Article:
horizon wrote:alanesq: I just wanted to stay with the contagion aspect a bit longer. Here are two quotes from the webpage that karlt kindly provided:Common cold is the most common disease
Common cold infections are so widespread that there can be very few humans who escape infection each year and most will suffer multiple infections. It has been estimated that adults suffer 2 to 5 colds per year, and school children may suffer 7 to 10 colds per year.Common cold viruses are not very contagious
Despite the fact that very few of us escape from at least a couple of common cold infections each year, common cold viruses are not very contagious. Under laboratory conditions when healthy volunteers are kept with others who are suffering from common cold infections it has proven remarkably difficult to spread infection from one person to another.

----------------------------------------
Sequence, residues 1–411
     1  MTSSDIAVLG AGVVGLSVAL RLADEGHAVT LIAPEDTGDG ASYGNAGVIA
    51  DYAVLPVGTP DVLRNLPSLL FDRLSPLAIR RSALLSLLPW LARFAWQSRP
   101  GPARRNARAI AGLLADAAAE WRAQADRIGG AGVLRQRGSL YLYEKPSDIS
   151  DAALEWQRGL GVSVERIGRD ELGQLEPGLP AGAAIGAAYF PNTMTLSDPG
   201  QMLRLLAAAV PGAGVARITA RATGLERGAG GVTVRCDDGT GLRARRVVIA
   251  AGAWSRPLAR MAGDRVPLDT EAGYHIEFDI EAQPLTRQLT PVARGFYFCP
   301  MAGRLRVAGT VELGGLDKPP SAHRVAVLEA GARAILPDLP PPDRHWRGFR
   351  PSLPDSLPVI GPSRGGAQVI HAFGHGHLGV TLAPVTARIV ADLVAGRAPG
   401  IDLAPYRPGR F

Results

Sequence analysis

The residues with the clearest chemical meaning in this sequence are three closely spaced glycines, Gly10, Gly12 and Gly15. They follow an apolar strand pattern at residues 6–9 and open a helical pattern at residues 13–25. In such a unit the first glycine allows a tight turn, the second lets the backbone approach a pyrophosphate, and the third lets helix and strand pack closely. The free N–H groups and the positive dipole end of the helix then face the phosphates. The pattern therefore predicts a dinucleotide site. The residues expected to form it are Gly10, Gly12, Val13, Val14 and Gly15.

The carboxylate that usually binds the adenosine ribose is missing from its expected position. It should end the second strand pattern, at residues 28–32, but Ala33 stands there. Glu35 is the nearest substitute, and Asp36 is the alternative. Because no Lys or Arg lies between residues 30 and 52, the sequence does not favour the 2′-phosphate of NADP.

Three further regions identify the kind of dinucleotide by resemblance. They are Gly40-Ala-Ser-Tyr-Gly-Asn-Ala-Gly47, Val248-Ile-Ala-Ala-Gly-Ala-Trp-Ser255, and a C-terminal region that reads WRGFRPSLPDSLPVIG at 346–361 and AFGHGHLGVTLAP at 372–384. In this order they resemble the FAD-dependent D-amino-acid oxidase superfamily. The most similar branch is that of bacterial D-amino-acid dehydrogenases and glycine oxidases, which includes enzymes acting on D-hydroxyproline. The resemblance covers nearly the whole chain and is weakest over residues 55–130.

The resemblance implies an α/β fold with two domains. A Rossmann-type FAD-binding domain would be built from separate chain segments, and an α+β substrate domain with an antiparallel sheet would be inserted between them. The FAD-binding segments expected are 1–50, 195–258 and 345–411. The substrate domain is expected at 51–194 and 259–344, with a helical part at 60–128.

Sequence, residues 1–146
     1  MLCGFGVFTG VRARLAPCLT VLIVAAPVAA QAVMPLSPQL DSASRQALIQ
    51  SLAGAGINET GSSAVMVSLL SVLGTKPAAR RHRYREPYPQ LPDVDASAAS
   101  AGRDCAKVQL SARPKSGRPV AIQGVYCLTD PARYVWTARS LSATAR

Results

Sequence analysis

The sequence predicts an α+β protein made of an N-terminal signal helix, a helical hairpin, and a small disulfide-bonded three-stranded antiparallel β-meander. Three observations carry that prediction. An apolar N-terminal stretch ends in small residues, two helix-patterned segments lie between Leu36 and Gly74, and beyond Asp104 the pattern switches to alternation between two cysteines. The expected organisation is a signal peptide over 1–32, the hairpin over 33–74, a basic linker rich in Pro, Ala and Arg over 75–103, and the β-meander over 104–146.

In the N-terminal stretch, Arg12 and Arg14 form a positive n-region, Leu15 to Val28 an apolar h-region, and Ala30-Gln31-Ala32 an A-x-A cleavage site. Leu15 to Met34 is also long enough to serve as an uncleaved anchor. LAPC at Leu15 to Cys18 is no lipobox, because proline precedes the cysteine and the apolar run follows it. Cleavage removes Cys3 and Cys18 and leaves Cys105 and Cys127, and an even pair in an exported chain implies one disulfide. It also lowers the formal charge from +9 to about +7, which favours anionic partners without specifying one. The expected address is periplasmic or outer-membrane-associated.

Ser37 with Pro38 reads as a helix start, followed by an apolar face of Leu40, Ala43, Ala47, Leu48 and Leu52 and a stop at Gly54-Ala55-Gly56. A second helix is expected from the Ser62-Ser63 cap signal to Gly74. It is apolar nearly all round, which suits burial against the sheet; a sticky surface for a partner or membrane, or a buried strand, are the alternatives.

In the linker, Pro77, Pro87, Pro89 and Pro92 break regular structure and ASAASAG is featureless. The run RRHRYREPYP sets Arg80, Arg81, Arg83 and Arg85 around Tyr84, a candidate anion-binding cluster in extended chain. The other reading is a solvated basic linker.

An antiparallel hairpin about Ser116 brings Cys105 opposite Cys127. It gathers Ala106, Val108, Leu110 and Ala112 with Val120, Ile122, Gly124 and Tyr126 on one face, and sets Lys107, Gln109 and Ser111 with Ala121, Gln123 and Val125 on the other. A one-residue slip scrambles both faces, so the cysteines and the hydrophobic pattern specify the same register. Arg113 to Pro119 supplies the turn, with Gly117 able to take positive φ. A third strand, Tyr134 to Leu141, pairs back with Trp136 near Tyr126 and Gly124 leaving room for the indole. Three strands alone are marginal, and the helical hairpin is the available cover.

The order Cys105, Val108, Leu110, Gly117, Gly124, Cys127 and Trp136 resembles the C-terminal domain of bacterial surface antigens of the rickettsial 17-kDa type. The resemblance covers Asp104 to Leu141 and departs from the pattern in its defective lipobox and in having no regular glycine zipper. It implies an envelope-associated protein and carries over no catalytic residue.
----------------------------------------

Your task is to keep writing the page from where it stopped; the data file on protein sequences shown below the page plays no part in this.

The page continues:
I'm still having trouble with these two quotes. A not unreasonable conclusion is that a lot of people are not catching their colds from each other.
It doesn't mean that at all. It means that most contacts don't cause an infection. Some do. Over the year you come into contact with hundreds of people carrying cold viruses; around 2-5 of them cause an infection in you. I'm not sure how you got from "most contacts don't cause infection" from "most infections don't come from contacts"; it sounds like a version of the all X is Y, therefore all Y is X fallacy.
To give you a cycling analogy - most left turns by motorists don't left hook a cyclist. But all left hooks result from left turns by motorists.